Midvale School for the Gifted Alumni Association

Saturday, August 29, 2009

The Lion Sleeps

All week, Massachusetts has been mourning the passing of our senior Senator, Edward M. Kennedy. He was a tremendous man, tremendous in his successes, in his image, in his failings. And all week, I have found myself reflecting on what his legacy as a legislator has meant to my life. Nearly every cause I've fought for, my own profession, has somehow been shaped by his legislative influence, and mostly for good.

Those of us in politics, even lowly positions like School Committee, own the Senator a great debt of gratitude for his model of public service. As that is what we are, public servants. We are elected to be the voices of the people in our towns, to represent their voices on the boards that make decisions that affect their everyday lives. And with that role comes great responsibility. We have been so fortunate here in Massachusetts to have such a long running, tireless model of how to manage that responsibility and work for the common good. His shoes will never be filled. Never. Senator Kennedy was bigger than life, and so much more than just his office. As Vice President Biden so eloquently stated, "It was never about him; it was always about you," I am reminded to keep that in the forefront of my dealings with the citizens of my town, and with the parents of the students I serve in my district. It is not about me, or my agenda, it's about them.

I was one of the 50,ooo people that passed through the Kennedy library to pay their respects to the Senator, and it was a moving experience for me. I was there early, before the family had arrived, and I waited for 3 1/2 hours to get inside. But, it was a tremendous afternoon, and I'm glad I was there. All week, I had felt compelled to act somehow. Standing in line, I spoke to the people around me, and why they were there. We even made it on television. We were there when Caroline came out to greet the crowd, which was incredibly humbling.

Caroline Kennedy

I thought about my grandmother, how she worked on both his and JFK's campaign, how she was invited to a barbeque on the compound to thank her for her efforts, how, had she been alive, she would be standing in line with all these other women, to thank this family for this man and his service. I wrote in the condolence book, and prayed as I passed by the flag-draped coffin, and was left nearly speechless as his widow, Vicki, and nephew Joe greeted us as we left the viewing room. I thanked them for allowing me to participate in their mourning.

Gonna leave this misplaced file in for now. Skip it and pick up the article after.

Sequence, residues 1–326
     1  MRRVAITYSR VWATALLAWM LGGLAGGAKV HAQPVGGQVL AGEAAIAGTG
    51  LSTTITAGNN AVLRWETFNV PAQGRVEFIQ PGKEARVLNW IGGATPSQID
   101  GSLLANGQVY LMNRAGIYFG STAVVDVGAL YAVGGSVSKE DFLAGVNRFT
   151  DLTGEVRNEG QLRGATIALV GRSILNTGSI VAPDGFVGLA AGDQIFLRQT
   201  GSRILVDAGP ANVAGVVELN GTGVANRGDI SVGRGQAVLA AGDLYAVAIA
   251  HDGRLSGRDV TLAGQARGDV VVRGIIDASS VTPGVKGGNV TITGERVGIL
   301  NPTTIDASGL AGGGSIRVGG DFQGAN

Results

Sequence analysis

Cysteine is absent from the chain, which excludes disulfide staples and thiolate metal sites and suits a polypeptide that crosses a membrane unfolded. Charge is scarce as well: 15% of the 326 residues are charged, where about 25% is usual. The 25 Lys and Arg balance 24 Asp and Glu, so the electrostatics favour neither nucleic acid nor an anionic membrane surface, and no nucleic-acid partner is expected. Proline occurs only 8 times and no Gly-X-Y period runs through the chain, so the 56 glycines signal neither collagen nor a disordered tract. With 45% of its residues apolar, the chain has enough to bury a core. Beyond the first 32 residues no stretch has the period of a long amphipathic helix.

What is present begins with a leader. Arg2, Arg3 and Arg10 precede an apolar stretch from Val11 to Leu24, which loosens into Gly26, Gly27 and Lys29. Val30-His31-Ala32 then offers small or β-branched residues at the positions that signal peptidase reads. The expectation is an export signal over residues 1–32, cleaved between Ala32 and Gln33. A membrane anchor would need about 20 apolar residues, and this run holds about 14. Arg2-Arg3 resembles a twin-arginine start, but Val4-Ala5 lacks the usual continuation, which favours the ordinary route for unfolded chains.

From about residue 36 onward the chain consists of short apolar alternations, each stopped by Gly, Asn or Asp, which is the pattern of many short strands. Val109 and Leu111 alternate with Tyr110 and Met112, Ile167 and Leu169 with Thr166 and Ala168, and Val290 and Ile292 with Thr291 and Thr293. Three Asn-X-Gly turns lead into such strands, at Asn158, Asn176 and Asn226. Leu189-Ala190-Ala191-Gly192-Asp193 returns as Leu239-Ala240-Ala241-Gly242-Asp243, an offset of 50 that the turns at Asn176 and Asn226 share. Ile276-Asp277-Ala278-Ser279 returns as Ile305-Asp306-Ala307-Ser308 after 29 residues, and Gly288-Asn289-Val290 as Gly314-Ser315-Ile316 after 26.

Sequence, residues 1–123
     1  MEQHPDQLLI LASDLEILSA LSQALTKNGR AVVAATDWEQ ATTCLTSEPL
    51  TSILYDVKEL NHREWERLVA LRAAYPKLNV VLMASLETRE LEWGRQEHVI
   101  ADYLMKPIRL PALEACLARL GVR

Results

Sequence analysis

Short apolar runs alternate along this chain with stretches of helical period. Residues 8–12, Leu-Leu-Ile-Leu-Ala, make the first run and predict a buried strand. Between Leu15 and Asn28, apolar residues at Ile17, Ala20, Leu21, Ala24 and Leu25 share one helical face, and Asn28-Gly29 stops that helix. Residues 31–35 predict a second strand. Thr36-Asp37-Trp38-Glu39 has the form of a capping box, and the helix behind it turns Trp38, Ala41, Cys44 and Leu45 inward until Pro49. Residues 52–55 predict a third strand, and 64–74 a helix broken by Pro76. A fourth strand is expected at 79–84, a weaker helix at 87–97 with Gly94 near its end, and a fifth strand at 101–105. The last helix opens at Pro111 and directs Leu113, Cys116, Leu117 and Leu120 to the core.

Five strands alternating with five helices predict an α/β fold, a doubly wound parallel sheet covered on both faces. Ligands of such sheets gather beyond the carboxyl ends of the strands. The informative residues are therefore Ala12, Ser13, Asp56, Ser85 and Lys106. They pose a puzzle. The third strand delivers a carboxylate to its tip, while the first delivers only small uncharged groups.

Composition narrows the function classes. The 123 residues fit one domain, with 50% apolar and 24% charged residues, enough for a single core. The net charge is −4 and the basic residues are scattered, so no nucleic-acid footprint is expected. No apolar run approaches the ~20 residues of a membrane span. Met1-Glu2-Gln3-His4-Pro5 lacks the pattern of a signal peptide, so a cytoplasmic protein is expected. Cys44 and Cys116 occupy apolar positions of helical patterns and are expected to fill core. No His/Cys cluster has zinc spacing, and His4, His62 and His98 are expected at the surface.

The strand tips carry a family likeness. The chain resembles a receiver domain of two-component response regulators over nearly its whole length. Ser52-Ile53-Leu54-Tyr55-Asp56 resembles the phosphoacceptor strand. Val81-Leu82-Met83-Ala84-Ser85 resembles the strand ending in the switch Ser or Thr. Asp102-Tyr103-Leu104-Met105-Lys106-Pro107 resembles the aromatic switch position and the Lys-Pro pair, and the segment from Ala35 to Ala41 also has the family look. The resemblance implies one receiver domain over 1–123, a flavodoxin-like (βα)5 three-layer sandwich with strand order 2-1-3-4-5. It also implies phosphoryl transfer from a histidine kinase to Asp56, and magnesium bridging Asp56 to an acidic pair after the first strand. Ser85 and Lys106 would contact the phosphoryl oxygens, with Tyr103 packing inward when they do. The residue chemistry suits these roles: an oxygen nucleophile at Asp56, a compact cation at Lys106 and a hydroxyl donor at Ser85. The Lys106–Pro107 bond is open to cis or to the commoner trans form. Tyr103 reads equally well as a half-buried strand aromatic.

Because, remember, as much as he was a senator, from a storied American family, he was also a husband, father, grandfather, brother, uncle, and dear friend, and these individuals should be allowed to have their private moments of grief and sadness as well. Just because you're a Kennedy does not make you immune to sorrow; in fact, I think, you might actually learn to expect it. And there they all were, regal and comforting, even in their own sadness. It was an honor to be there, and a touching afternoon.


This morning I watched the funeral, and the dignitaries lined up row by row to pay respects. My alma mater's Chancellor, Father Donald Monan, celebrated the Mass, and our President delivered a stunning and elegant eulogy. But, President Obama was clearly upstaged by the pure emotion and tenderness from Teddy Jr.'s moving words. And as the rain falls on Massachusetts, as the Senator flies off to be buried by his brothers in Arlington National Cemetery, I am thankful that I have lived in a time that was made better by this man's life's work.

Godspeed, Senator. Thank you for your service, for your life.



Blogger courtney said...

My mother also reminded me this morning that my grandmother was working the switchboard at his campaign office the night he was in the plane crash, and she was the one who answered that call when it came in.

1:55 PM  
Blogger yellojkt said...

What a great tribute. You are so lucky to have been part of all that.

10:35 PM  

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Midvale School For the Gifted

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